That low bit-rate might be the reason for the silence that followed immediately after the probe was set to reach Toutatis. There was no official word for 36 hours following the expected encounter time.

The geometry of the interplanetary encounter made it a major challenge to obtain images of the asteroid. Unlike the repetitive, steady survey orbits of the moon, timed for best sunlight on the lunar surface, the Toutatis encounter had one chance for a fast flyby with a highly varying and not-well-predicted line of sight. And because the asteroid was zooming away from the sun, the side of the asteroid facing the probe was mostly shadowed as Chang’e-2 approached. So the best views would come only after the probe passed it by.

Rather than use its high-resolution lunar-mapping camera, which was designed to operate in “push-broom” mode, scanning a wide swath of the lunar surface as it passed directly below, Chang’e-2’s handlers chose a simpler and more reliable method—a small CMOS camera originally installed only to observe and verify the deployment of the craft’s solar array after launch.

As Han Li described it, the asteroid came into view of the camera at a range of 38 km, several seconds after its closest approach. At first the view of Toutatis was largely blocked by the solar array. But seconds later, when the craft was 90 km from Toutatis, the asteroid had moved out from behind the array, and imaging continued for several more seconds. Because the probe was departing from very close to the target in almost a straight line, all images were of nearly the same aspect.

Exactly how close Chang’e-2 came to Toutatis is still unclear. The first postencounter report placed the flyby range at 3.2 km, which was astonishingly—even recklessly—tight. Passing within a few kilometers of an asteroid only 2 to 3 km in diameter at a speed of 10 730 meters per second and following a 7-million-km journey could be described as either superb shooting or a near disaster. But if the 3.2-km figure is true, it would be another scientific bonanza. At that distance, the asteroid’s weak gravity could have measurably deflected the probe’s flight path, providing unique data on its mass. Together with imagery of its shape, this would have led to important clues about its density and composition. Han Li’s presentation did not confirm the flyby range.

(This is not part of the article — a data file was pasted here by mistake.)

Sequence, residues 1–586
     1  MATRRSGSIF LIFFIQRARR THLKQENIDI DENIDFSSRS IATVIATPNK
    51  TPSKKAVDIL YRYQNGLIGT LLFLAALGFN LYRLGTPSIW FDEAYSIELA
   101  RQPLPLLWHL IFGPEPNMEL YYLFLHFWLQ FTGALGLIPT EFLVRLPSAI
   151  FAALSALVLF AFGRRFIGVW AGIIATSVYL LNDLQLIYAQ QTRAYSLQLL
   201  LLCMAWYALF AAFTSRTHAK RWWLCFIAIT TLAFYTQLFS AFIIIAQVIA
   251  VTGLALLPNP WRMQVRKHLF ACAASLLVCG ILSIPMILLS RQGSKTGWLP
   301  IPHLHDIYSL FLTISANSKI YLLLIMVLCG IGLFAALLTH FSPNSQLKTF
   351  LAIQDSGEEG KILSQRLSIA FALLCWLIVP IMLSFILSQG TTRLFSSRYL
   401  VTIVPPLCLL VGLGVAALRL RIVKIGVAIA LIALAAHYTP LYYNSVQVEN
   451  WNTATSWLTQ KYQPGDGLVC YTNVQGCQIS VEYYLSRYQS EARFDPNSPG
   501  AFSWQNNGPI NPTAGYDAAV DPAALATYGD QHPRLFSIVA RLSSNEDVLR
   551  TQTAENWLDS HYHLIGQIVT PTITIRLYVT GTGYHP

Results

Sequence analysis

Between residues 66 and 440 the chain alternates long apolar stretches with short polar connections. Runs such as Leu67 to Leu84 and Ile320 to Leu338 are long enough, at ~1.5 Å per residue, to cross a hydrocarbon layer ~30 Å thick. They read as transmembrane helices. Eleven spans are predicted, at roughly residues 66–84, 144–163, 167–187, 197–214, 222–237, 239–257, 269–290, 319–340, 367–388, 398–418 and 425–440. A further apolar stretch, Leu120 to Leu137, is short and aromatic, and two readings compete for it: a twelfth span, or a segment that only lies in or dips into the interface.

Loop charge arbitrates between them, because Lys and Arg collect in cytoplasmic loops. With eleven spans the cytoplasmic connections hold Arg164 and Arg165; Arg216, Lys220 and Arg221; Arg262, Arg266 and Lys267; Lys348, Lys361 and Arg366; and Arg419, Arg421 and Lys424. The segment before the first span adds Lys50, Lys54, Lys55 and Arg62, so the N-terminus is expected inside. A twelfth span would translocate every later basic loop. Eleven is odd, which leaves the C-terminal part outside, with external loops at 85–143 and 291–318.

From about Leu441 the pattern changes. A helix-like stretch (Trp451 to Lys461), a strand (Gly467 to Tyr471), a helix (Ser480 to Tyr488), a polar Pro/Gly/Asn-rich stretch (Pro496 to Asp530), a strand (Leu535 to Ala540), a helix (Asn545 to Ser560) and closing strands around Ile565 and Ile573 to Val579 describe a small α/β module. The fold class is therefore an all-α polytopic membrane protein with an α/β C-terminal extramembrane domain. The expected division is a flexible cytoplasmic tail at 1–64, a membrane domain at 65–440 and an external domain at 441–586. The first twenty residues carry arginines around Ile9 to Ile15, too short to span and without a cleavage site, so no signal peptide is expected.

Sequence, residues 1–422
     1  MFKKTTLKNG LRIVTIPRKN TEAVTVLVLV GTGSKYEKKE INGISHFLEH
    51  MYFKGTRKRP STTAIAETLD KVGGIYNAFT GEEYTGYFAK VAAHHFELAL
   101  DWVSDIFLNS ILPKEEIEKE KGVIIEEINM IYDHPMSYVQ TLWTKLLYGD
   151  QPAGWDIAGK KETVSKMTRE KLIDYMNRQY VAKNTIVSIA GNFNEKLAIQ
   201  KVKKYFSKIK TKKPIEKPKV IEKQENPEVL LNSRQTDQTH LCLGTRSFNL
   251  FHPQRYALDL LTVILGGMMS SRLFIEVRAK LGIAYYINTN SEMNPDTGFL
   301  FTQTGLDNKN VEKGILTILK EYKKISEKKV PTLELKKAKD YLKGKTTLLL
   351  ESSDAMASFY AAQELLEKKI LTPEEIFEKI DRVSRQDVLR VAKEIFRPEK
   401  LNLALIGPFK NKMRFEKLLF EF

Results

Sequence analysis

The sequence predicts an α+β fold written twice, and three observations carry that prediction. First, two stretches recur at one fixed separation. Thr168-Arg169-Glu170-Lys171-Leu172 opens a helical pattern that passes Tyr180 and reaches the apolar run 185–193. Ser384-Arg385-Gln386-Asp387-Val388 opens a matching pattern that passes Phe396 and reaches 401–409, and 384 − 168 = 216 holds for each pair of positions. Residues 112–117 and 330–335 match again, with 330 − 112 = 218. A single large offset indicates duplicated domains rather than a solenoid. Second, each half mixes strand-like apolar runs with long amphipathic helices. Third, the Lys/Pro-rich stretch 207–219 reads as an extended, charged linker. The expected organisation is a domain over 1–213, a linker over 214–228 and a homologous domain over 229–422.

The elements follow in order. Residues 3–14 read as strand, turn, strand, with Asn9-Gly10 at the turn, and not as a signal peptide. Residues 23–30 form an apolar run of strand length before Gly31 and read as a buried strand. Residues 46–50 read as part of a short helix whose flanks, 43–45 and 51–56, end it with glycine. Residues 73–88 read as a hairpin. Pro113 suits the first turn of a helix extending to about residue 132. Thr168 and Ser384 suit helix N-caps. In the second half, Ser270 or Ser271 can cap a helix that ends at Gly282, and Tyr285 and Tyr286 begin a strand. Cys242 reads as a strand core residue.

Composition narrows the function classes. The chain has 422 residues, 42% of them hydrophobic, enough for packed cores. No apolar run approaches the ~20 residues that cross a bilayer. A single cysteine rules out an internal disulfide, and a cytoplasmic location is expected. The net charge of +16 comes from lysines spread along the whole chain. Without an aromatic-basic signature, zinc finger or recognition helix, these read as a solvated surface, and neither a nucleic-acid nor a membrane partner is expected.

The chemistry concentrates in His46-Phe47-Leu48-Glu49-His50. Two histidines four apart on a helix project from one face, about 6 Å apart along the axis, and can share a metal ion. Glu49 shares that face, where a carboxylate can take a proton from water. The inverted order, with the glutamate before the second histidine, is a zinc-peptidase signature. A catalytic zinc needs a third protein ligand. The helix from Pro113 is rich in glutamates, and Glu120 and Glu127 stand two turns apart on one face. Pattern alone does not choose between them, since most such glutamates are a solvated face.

The belated beginning of what is hoped will be a sequence of disclosures about the mission will help establish this probe’s rightful place as a remarkably skillful piece of space navigation and extended-life operations. Just how close it came to Toutatis, and to total disaster, remains of high human interest as well as of scientific importance.

About the Author

James Oberg worked as an aerospace engineer at NASA for 22 years. He switched to journalism in the late 1990s and now makes his living reporting on space for such outlets as Popular Science, NBC News, and IEEE Spectrum. In August 2012, he reported on a test of a flight path to the International Space Station that takes 6 hours instead of two days.